Iraqi Kurds inspect a crater caused by a reportedly Iranian missile initially fired at Iraqi bases housing U.S. and other U.S.-led coalition troops, in the Iraqi Kurdish town of Bardarash on Jan. 8, 2020.  The missiles targeted the sprawling Ain al-Asad airbase in western Iraq and a base in Arbil, both housing American and other foreign troops deployed as part of a U.S.-led coalition fighting the remnants of the Islamic State group.

If Iran wanted to, it could have

In the chaos before dawn on Wednesday, officials scurried to assess damage from 16 short-range ballistic missiles that Iran had fired at two air bases U.S. and coalition troops occupy in Iraq: al-Assad in the western part of the country and Erbil in the north. Eleven missiles struck at al-Assad, and one fell near Erbil. The rest failed to reach their targets. 

By midmorning Wednesday, those officials, privy to initial assessments, told USA TODAY that the lack of casualties and relatively minor damage to tents, a helicopter and a hangar probably were intended as a warning that worse could be in store. Part of that theory rests on Iran's capability, displayed in September, to target with precision and damage oil production facilities in Saudi Arabia. If Iran wanted to hit a target, a senior U.S. official said, it would have.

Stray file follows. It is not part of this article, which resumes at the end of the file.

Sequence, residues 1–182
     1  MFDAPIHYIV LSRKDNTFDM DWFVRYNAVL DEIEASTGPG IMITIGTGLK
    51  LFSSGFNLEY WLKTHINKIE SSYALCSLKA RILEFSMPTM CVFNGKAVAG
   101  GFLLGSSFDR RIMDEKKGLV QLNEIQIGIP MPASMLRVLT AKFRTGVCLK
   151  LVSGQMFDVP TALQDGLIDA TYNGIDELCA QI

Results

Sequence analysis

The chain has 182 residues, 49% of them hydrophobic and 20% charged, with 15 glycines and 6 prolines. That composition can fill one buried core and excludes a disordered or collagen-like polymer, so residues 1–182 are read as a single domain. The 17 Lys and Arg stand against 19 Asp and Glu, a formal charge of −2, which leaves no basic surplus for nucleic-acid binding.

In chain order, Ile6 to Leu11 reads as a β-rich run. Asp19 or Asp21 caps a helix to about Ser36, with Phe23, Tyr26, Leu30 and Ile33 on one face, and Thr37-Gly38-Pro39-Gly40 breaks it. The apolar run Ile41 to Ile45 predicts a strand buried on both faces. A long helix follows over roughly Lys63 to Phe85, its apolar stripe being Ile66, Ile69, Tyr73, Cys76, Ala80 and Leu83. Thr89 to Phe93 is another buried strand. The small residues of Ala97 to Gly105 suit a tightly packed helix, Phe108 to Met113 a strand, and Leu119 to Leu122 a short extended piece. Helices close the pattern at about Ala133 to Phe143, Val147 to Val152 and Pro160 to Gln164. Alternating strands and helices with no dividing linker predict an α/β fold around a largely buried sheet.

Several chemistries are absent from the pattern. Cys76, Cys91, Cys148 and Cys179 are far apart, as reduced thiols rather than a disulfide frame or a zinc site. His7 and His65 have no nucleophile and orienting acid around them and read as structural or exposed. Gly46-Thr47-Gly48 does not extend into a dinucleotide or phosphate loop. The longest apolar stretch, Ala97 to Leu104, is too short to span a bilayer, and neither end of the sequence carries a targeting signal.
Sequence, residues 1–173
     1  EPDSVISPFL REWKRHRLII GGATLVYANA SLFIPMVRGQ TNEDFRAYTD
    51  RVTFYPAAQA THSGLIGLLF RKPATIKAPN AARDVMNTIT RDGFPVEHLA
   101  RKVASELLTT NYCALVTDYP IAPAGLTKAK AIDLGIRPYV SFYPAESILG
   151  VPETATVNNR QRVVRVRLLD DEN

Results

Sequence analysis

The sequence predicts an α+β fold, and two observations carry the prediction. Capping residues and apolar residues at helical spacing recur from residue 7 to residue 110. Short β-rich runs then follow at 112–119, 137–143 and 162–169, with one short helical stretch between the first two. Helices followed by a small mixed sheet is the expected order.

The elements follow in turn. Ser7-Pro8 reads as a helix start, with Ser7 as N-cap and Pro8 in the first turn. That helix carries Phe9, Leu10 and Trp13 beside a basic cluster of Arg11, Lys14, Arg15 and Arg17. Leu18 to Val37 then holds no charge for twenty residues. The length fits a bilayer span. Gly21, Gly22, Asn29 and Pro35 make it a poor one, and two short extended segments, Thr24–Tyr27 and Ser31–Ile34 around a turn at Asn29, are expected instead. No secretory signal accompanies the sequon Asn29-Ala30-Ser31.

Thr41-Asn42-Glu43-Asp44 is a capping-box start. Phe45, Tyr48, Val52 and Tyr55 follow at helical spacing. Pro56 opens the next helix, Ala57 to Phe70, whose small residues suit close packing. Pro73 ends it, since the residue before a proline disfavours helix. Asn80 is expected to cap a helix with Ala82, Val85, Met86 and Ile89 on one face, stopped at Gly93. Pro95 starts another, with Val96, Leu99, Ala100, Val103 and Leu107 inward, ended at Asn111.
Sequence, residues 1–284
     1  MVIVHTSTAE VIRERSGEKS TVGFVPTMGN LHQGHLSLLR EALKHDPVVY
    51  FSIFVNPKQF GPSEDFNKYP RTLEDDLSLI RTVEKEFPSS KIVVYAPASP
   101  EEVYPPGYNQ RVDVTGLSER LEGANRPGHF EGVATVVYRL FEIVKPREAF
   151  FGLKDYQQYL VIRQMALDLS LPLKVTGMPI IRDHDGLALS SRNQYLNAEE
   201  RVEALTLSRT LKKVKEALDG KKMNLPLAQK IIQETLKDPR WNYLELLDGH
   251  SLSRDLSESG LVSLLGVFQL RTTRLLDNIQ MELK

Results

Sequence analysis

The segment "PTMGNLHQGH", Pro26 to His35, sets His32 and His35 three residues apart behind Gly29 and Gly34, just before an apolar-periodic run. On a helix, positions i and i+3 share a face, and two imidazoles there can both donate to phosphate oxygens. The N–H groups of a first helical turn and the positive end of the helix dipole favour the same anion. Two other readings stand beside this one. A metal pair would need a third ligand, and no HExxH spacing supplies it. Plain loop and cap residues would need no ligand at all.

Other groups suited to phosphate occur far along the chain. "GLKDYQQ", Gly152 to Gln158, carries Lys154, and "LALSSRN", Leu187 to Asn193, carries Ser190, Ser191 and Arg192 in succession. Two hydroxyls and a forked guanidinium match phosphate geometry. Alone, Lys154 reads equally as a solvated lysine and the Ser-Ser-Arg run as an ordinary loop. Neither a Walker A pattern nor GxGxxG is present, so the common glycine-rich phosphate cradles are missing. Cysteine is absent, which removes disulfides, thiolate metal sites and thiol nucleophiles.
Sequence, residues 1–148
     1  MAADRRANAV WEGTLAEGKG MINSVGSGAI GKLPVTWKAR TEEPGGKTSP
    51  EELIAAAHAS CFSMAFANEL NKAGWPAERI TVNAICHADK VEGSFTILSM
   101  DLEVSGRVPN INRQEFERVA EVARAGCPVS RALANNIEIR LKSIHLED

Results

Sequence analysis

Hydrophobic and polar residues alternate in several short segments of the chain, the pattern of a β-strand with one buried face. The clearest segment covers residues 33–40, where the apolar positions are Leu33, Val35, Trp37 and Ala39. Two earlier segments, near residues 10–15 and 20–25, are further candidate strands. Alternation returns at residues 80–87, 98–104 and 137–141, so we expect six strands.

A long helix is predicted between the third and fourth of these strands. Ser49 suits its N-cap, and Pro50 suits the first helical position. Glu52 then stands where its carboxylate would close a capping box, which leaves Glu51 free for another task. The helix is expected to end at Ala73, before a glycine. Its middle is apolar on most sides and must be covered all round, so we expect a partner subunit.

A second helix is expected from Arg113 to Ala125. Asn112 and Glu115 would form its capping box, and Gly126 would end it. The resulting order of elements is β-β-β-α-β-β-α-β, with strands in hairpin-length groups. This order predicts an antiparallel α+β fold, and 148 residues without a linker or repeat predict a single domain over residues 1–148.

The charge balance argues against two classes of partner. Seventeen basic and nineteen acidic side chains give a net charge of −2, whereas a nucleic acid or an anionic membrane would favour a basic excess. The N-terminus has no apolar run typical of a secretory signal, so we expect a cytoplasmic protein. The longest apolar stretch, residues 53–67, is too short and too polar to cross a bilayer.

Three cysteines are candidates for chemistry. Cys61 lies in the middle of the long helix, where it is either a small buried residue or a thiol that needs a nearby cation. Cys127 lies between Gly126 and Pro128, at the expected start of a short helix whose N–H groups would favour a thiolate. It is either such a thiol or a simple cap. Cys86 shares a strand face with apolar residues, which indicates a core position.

That view gained currency with Trump's address. Backed by Defense Secretary Mark Esper, Vice President Mike Pence, Milley and members of the Joint Chiefs of Staff, Trump signaled Wednesday that tit-for-tat steps toward war seemed to have stopped.

"Iran appears to be standing down, which is a good thing for all parties concerned and a very good thing for the world," he said.

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By Friday, the message had changed. Secretary of State Mike Pompeo told reporters, "There’s no doubt in my judgment, as I observed the Iranian activity in the region that night, they had the full intention of carrying – killing U.S. forces, whether that was our military folks or diplomatic folks who were in the region."